The internet has 90% of the available knowledge about any given thing out there for you to find. Google is your friend. Start with Flickr – experiment with keywords because folks make up their own tags and titles. Core77 is another good portal for information as is Dexigner.
The key thing to remember is that don’t just sit there expecting your teacher, your boss or your client to give you all the information you need to begin designing to a brief. That assumption can make or break the results of a project. Always make it a point, regardless of whether you feel you know everything about a project or not, to begin with a quick google search of the product or client’s company or whatever area you are looking at. You never know what information titbit will trigger a thought or spark an idea.
Blogs are another good method of conducting research. Here, for example is a blog on next generation mobile interface design. This blog has a great collection of links on the topics of design, technology, culture, music and more. How do you find blog posts rather than the general mixture of stuff that comes up in a regular google search? Once you find one blog you like, check out their blogroll of links to other blogs. You’ll usually find at least one or two whom you’ll enjoy too. Bookmark them. Use Bloglines to manage your RSS feeds.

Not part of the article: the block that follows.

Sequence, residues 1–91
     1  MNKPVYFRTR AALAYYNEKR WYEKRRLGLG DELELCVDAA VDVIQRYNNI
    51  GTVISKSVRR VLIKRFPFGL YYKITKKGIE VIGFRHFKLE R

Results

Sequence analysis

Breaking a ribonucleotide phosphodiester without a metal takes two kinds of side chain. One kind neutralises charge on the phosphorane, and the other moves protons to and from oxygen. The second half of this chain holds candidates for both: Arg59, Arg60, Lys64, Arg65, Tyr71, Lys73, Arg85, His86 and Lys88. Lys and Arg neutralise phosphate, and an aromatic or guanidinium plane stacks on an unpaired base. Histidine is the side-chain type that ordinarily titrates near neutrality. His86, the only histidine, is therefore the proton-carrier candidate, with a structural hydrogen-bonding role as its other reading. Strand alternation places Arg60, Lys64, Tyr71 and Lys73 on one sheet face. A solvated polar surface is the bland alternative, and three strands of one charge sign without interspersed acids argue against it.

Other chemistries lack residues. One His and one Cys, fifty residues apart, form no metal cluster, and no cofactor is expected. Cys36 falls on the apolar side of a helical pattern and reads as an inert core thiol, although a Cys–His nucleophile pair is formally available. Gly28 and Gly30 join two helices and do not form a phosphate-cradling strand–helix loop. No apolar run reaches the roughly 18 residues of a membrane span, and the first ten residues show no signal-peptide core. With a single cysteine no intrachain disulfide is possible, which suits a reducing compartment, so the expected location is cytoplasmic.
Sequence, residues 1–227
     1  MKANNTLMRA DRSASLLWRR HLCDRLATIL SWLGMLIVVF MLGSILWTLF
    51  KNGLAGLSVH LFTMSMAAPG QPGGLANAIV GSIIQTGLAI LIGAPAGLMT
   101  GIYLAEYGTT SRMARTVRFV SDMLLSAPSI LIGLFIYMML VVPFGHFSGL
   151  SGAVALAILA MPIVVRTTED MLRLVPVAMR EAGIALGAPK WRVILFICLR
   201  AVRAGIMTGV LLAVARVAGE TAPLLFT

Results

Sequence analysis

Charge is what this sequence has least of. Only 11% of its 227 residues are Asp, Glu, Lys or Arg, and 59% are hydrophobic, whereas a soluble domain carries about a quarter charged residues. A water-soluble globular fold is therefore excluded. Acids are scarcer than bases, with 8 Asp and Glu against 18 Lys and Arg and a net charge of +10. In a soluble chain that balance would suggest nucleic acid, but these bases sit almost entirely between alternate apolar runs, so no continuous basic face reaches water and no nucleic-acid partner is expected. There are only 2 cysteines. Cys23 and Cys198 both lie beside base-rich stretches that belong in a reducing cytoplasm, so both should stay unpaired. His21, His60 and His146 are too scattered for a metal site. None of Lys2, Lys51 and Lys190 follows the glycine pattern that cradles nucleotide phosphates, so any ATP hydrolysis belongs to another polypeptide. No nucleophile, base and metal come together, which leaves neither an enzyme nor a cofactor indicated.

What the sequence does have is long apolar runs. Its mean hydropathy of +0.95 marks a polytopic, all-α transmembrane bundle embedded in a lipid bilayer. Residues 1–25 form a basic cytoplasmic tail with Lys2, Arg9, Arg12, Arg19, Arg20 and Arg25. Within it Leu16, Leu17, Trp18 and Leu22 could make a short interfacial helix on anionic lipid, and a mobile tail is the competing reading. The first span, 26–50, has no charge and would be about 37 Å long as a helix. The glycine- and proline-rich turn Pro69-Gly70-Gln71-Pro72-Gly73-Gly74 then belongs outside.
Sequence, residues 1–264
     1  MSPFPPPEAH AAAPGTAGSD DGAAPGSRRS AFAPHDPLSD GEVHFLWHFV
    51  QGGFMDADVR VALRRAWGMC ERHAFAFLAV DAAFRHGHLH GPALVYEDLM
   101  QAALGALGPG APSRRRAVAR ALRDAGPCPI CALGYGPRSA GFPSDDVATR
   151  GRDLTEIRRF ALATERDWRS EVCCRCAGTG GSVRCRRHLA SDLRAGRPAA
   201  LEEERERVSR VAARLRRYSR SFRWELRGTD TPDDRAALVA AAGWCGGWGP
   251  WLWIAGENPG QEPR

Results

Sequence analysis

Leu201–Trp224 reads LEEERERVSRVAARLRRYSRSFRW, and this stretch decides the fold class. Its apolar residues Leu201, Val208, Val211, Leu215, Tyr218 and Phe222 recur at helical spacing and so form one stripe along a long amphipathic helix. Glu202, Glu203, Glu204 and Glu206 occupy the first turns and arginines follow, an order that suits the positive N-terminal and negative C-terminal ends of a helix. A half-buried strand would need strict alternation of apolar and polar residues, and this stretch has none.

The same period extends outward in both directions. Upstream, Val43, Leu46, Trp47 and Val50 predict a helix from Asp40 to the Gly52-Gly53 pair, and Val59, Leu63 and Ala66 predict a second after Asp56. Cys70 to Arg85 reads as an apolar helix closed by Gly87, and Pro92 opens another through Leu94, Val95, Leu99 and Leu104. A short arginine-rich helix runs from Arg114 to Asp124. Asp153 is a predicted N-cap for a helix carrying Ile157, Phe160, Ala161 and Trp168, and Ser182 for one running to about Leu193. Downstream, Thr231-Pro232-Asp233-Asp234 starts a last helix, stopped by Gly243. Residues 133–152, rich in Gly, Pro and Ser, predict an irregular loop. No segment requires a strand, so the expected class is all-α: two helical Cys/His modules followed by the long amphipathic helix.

Technorati is a good place to start – look at their popular section for tags such as design, product design, or whatever interests you. Also, Google has a Blogsearch feature or you can use the word "blog" in addition to any other keyword in a regular search. That’s the biggest problem with the proliferation of information available online – finding it 🙂 I like del.icio.us very much and prefer to start there than any other site like Digg or others simply because its the most global in its user base and the least technology oriented of all such sites.
Lastly, you can do image searches for other concepts and drawings that others have done. Coroflot has over 38000 portfolios available, start a search there to see how others are designing in other countries and schools. What can you pick up from that information?
And remember, research can be fun! 😛